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3 Dutch military personnel held by Kadafi loyalists in Libya

Dutch defense officials are in 'intensive diplomatic talks' to secure the release of three crew members of a military helicopter who were seized by forces loyal to Moammar Kadafi during an evacuation mission. They are reportedly being treated well.

March 03, 2011|By Henry Chu, Los Angeles Times

Reporting from London — Three crew members of a Dutch military helicopter have been held since Sunday by forces loyal to Libyan strongman Moammar Kadafi after being prevented from completing an evacuation mission, Dutch defense officials said Thursday.

The three are believed to be the first foreign troops to be held by the Kadafi regime since it began its bloody crackdown against antigovernment protesters, which has drawn international condemnation.

The Dutch Defense Ministry said "intensive diplomatic talks" were underway to try to secure the release of the crew, whose identities are not being made public.

"We heard that they are being treated well," said Marloes Visser, a spokeswoman for the ministry. "At this moment they're being held by the Libyans, and we're doing everything in our power for a soon and safe release."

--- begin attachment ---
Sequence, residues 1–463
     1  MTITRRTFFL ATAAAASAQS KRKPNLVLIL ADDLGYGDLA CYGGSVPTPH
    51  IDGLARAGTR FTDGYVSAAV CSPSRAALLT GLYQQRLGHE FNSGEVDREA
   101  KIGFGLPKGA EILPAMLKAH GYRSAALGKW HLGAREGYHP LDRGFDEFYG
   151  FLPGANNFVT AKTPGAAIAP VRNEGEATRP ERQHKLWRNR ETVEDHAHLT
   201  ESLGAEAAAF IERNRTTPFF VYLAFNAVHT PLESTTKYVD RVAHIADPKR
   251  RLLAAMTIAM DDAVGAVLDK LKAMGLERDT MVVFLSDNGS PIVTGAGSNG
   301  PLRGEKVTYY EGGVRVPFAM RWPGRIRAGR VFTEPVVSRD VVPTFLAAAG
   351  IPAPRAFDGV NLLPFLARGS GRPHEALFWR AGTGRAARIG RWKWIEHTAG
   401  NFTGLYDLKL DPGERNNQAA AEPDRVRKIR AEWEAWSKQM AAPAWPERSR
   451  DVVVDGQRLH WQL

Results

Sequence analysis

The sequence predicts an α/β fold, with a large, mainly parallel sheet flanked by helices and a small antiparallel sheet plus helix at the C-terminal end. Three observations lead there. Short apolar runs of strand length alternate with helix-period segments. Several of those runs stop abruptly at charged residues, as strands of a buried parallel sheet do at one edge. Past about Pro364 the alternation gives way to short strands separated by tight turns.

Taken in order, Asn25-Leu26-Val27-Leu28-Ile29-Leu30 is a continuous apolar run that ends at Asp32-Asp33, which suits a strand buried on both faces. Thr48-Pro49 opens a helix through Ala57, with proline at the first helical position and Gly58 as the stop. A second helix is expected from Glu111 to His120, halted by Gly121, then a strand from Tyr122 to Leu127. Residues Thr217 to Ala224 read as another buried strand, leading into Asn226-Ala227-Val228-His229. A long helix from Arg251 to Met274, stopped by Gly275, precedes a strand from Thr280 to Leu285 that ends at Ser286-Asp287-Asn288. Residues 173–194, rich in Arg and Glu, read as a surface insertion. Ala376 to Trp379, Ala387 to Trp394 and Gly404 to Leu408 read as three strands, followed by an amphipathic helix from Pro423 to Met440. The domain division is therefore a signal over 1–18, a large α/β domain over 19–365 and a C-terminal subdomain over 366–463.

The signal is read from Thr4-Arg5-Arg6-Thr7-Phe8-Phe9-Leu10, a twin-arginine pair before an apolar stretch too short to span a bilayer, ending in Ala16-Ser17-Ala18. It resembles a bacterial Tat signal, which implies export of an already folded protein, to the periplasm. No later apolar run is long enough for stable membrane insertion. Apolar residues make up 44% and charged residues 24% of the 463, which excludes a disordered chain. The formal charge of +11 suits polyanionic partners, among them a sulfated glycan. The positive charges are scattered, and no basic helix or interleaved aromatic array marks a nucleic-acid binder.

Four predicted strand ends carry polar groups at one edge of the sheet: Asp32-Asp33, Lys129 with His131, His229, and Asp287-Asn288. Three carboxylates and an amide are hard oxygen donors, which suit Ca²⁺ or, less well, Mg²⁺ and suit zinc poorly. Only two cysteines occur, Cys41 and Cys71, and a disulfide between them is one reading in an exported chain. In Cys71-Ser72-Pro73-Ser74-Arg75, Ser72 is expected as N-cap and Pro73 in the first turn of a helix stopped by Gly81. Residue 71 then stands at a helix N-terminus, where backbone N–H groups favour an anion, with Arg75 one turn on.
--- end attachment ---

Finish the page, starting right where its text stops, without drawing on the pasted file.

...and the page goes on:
Officials said the three crew members were aboard a naval helicopter that launched Sunday afternoon from the frigate Tromp for the port city of Surt, a Kadafi stronghold. The chopper was on its way to pick up two civilian foreigners, one a Dutch national and the other from an unspecified European country.

But armed Kadafi loyalists prevented the helicopter from taking off from Surt and captured the crew members and the two civilians, the ministry said.

The two evacuees were handed over to the Dutch Embassy in Tripoli on Wednesday and have since left Libya, Visser said. But the crew members remain in custody at an unspecified location.

Since the weekend, a number of European countries have sent in troops to rescue stranded nationals, mostly from the eastern part of Libya, large parts of which are under the control of anti-Kadafi rebels.

The British dispatched military planes Saturday and Sunday to pick up about 300 foreign nationals, many of them oil workers stuck in the deserts of eastern Libya. One of the British aircraft was apparently hit by small-arms fire.

German planes have also crossed into Libyan airspace without Kadafi's approval to fly out foreign workers.

henry.chu@latimes.com

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